Pulitzer Prize Winning Books by Black Writers (includes Finalists)

Pulitzer Prize Medal

Since 1917 the Pulitzer Prize has honored excellence in journalism and the arts. The first award was presented in 1918. The Prize recognizes American authors in six “Letters and Drama” categories; Biography/Autobiography, Fiction, General Non-Fiction, History, Poetry, and Drama (technically not a book award, but plays are all available as books and have been included here).

The first African-American writer to win a Pulitzer Prize in any of the above categories was Gwendolyn Brooks who received the award for poetry for her collection Annie Allen in 1950.


One Book was a Finalist or Winner of a Pulitzer Prize in 1990

Winner - Drama

The Piano Lesson (1930s Century Cycle)
by August Wilson

    Publication Date: Dec 01, 1990
    List Price: Unavailable
    Format: Paperback, 144 pages
    Classification: Fiction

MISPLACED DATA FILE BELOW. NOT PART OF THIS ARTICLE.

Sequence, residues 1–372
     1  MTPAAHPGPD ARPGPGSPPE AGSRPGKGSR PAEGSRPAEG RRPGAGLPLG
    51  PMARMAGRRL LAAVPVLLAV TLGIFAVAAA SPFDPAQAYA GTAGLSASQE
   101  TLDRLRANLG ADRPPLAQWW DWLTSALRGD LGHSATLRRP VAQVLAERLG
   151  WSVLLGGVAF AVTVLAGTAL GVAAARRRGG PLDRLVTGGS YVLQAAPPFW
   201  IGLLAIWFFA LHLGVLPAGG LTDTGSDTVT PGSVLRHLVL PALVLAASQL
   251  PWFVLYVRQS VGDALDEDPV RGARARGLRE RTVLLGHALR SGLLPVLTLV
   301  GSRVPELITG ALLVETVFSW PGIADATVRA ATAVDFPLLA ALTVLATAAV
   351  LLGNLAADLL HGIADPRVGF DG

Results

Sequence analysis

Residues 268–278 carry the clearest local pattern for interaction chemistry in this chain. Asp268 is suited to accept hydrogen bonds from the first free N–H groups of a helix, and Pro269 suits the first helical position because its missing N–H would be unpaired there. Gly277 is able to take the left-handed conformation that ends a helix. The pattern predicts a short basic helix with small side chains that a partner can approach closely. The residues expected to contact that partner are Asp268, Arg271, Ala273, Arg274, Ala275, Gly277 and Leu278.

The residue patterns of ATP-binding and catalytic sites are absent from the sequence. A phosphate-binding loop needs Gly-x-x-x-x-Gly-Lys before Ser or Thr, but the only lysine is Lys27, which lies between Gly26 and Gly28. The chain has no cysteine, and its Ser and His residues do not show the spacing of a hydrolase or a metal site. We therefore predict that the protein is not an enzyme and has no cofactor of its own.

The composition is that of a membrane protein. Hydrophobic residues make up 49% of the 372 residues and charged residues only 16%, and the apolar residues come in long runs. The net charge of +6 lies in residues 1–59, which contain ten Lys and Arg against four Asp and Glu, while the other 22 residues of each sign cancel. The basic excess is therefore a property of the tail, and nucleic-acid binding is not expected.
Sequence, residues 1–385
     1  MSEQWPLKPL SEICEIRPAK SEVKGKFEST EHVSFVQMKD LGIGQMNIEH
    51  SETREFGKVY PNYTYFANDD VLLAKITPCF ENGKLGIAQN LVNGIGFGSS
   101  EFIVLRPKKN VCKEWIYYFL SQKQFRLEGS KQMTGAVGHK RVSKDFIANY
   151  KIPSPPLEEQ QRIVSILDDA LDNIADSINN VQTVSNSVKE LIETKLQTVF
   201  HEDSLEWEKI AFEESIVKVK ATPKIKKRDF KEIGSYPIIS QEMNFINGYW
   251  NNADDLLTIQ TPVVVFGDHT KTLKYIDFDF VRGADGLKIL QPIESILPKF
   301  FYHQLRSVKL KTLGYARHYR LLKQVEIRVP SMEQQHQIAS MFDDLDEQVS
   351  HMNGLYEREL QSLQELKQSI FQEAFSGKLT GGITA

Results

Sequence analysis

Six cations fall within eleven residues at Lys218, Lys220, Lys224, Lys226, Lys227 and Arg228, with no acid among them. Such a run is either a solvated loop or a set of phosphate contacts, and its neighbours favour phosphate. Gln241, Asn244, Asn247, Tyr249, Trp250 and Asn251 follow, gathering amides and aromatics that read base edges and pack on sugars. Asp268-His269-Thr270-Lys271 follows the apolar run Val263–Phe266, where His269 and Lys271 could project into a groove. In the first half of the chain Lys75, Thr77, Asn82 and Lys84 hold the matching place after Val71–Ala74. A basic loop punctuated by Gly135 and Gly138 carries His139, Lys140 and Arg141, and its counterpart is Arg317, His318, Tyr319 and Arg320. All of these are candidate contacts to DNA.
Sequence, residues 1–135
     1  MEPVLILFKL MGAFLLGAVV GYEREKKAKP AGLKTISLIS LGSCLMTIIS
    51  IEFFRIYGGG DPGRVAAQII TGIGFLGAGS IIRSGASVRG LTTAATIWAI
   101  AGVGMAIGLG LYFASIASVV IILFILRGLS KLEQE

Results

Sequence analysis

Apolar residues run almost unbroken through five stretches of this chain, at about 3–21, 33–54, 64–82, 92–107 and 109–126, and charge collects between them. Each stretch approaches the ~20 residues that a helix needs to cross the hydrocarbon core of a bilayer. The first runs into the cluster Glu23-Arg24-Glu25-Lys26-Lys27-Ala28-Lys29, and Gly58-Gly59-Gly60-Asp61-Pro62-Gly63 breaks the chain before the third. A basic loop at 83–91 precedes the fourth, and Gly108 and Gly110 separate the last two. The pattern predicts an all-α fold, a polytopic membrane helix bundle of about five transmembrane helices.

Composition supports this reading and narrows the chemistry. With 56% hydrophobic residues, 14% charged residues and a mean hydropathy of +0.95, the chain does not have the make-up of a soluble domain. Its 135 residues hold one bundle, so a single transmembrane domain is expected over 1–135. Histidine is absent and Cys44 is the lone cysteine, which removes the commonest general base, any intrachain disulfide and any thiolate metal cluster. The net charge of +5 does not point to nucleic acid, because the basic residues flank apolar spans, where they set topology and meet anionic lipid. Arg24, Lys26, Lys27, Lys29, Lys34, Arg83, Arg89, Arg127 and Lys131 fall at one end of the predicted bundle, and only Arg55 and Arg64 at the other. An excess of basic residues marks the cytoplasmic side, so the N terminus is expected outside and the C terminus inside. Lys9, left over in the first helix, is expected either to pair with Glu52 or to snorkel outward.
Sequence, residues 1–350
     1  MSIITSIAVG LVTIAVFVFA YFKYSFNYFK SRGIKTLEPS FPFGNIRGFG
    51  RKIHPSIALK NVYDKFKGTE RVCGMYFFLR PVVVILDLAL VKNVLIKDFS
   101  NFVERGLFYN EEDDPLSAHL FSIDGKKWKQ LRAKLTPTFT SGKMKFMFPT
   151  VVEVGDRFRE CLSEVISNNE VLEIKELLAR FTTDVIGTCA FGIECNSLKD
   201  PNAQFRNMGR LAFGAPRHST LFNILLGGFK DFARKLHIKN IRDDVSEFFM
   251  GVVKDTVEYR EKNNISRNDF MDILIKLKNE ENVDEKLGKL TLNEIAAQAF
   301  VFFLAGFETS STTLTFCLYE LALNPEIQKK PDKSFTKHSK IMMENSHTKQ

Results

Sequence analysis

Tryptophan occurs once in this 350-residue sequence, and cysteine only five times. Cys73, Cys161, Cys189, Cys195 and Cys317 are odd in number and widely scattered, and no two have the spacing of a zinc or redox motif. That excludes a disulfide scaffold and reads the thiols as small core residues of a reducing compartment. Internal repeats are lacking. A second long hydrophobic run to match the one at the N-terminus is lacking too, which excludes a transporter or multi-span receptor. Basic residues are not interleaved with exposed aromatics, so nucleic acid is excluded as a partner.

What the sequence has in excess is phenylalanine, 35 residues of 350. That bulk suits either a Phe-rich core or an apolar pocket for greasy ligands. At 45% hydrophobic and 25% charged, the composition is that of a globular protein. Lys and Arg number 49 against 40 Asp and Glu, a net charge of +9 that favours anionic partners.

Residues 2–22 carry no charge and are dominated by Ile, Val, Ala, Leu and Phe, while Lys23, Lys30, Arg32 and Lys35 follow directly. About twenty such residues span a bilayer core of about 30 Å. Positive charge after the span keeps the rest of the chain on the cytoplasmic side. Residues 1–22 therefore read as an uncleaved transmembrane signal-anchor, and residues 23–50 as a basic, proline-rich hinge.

ISBN13: 9780452265349
    Imprint: Plume
    Publisher: Penguin Random House
    Parent Company: Bertelsmann
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    Read a Description of The Piano Lesson (1930s Century Cycle)


    Book Description: 
    August Wilson has already given the American theater such spell-binding plays about the black experience in 20th-century America as Ma Rainey’s Black Bottom, Joe Turner’s Come and Gone, and the Pulitzer Prize-winning, Fences. In his second Pulitzer Prize-winner, The Piano Lesson, Wilson has fashioned his most haunting and dramatic work yet.At the heart of the play stands the ornately carved upright piano which, as the Charles family’s prized, hard-won possession, has been gathering dust in the parlor of Berniece Charles’s Pittsburgh home. When Boy Willie, Berniece’s exuberant brother, bursts into her life with his dream of buying the same Mississippi land that his family had worked as slaves, he plans to sell their antique piano for the hard cash he needs to stake his future. But Berniece refuses to sell, clinging to the piano as a reminder of the history that is their family legacy. This dilemma is the real "piano lesson," reminding us that blacks are often deprived both of the symbols of their past and of opportunity in the present.